The song is recorded in Lausanne for the Swiss label Évasions, with the label’s usual musicians. Even though they use traditional instruments, the original demo’s atmosphere is brought forward by the sound recording of Stephan Sulke (aka Steff, German singer and producer of numerous unknown sixties gems).
Le grand méchant loup by François Faray revisits Charles Perrault’s tale at the time of the sexual liberation, yielding an ambitious glam-rock track. Oddly enough, the singer goes off the radar right after releasing this one and only single in 1973 on the label Pathé.
Patrice Lamy, born Jacques Desachy, is a romantic singer from Lausanne. He self releases a single in 1969 under the alias Patrice Leman, then four more through the 70s. Laisse-moi médire que je t’aime is the B-side of his third record, entirely written, composed, arranged and directed in 1974 by Pascal Dufar (or Duffard, depending on the sources) to whom we owe a handful of variété songs but mostly the 1976 experimental album Dieu est fou.
The musicians playing on Laisse-moi médire all hail from successful pop formations: Magma’s Francis Moze on the bass, Zao’s Mauricia Platon on backing vocals, Paul Stanissinopoulos and Demis Visvikis from the Greek band Avis on the drums and keyboards. Catherine Lara plays the electric violin while the cosmic-style cover is the work of Armande Altaï.
After a short, uneven career, Patrice Lamy dies of sunstroke at age 35 in 1984.
The Tunisian crooner K.R. Nagati becomes well known at the end of the 60s with a cover of the Franco-Arab track Yasmina, originally by the Algerian albino signer Blond Blond. His repertoire goes from Arabic adaptations of Western hits (Strangers in the night, Doctor Jivago, Guantanamera…) to traditional and religious songs. Sidi Bou, the lyrics of which are sung in French, English, German, Arabic and Italian, pays tribute to a summer romance and the town of Sidi Bou Saïd, perched on the cliffs overlooking Carthage and Gulf of Tunis. De l’Orient à l’Orion, Yasmina’s beautiful B-side, can be found on the Born Bad compilation Mobilisation Générale.
Les Missiles are a group of four buddies from the city of Oran (Algeria). Together they first play instrumental pieces inspired by The Shadows, as Jupiter, before scattering all over France after Algeria’s independence. Micky Segura, drummer and later solo singer, ends up in Port-Vendres, close to the Spanish border. Well intent on reuniting the band, he leaves on a moped to find Robert Suire (the bass player) who had settled in Aubagne (South). From there they head to Jura (East), home to Bernard Algarra (rhythm guitar). With the last member impossible to locate, the trio makes its way to seek help from the mummified relics of Saint Claude, in the town of the same name. The very next morning they receive a postcard from their friend Manu Gonzalez (solo guitar), who proposes they should meet in Saint-Raphaël, were an apartment is waiting for them, or so he says. Upon their arrival, the three companions realise the apartment is in fact inhabited. They spend many weeks on the street, and then decide to get closer to the heart of French show business, Paris, and settle in Aulnay-sous-Bois (North-East suburbs). An audition takes them to Boulogne-Billancourt, were they perform their instrumental repertoire, before adding they can sing, too. The artistic director keenly asks for a demonstration, following which they sign a contract with the label Ducretet-Thomson. The name Jupiter is changed to Les Missiles, in reference to one of the directors’ car model.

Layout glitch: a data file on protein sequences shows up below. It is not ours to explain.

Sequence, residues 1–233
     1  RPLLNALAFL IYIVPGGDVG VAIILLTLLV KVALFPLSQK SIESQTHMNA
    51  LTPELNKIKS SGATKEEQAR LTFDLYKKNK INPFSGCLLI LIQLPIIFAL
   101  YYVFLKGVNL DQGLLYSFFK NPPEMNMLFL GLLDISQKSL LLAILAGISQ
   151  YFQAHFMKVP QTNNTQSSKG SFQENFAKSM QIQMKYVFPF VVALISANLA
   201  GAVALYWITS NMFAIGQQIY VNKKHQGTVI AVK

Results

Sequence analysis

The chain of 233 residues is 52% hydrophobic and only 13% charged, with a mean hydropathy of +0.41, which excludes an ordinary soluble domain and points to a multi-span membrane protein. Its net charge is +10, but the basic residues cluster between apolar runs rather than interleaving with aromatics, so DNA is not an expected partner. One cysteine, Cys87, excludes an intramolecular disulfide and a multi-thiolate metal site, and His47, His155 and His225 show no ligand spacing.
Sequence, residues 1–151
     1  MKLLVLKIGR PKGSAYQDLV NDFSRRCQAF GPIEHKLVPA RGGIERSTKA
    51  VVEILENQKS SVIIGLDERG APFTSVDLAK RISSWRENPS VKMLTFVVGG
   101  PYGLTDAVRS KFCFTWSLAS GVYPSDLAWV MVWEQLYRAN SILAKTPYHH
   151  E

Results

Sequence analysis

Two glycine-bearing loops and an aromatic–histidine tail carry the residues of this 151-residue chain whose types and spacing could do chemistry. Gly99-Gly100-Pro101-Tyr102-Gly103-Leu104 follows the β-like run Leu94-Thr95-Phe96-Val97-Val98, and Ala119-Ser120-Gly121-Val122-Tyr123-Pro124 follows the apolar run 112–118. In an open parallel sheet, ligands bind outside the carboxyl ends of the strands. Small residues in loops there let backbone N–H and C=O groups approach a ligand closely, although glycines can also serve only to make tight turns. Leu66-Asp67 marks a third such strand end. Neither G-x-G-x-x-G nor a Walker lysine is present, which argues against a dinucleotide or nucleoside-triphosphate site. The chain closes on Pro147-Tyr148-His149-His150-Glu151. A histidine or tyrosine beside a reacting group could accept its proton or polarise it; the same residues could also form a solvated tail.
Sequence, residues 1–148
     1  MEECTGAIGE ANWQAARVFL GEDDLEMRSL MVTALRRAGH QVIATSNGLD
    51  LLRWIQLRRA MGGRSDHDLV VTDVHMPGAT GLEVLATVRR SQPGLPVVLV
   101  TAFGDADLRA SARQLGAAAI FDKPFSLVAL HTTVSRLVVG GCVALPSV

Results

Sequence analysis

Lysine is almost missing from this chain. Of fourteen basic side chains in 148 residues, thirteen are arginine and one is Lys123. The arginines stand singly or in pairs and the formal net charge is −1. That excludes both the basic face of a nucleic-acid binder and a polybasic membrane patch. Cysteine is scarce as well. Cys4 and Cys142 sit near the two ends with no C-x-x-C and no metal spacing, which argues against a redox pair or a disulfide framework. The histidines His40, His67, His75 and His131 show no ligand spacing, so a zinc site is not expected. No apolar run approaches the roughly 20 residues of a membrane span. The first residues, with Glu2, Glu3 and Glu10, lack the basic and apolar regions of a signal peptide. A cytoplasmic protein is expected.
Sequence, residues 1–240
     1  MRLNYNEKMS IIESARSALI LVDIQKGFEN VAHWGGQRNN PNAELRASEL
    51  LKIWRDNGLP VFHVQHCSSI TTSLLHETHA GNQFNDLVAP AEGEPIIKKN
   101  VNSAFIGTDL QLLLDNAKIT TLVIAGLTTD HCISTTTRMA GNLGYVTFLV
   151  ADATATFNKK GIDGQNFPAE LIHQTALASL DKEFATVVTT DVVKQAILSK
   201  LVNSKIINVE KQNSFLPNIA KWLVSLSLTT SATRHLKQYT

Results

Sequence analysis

In 1964 they become famous with Sacré Dollar (a cover of the Kingston Trio’s Green black dollar) but also Maryline, a great success in Belgium and Switzerland. Three years of fame and concerts ensue, along with the release of two albums and over a dozen of singles. For six months the band tours with Claude François and even replace the Fléchettes on the backing vocals for the idol’s concert. Two members of the Missiles get married in 1966, and the band dissolves. Micky Segura sings as second voice and backing vocalist for Claude François, to whom he remains loyal until his death. He also sings along the likes of Nicoletta, Charles Aznavour, Gilbert Bécaud and Gérard Lenormand, as backing vocalist. La (nouvelle) guerre de cent ans, anti-beatnik jerk, comes from the band’s very last EP, which differs from the previous releases in that it features no covers and shows greater artistic freedom. The band’s sound veers towards garage, or even pre-psychedelic music, with the dissenting Publicité, filled with sound effects.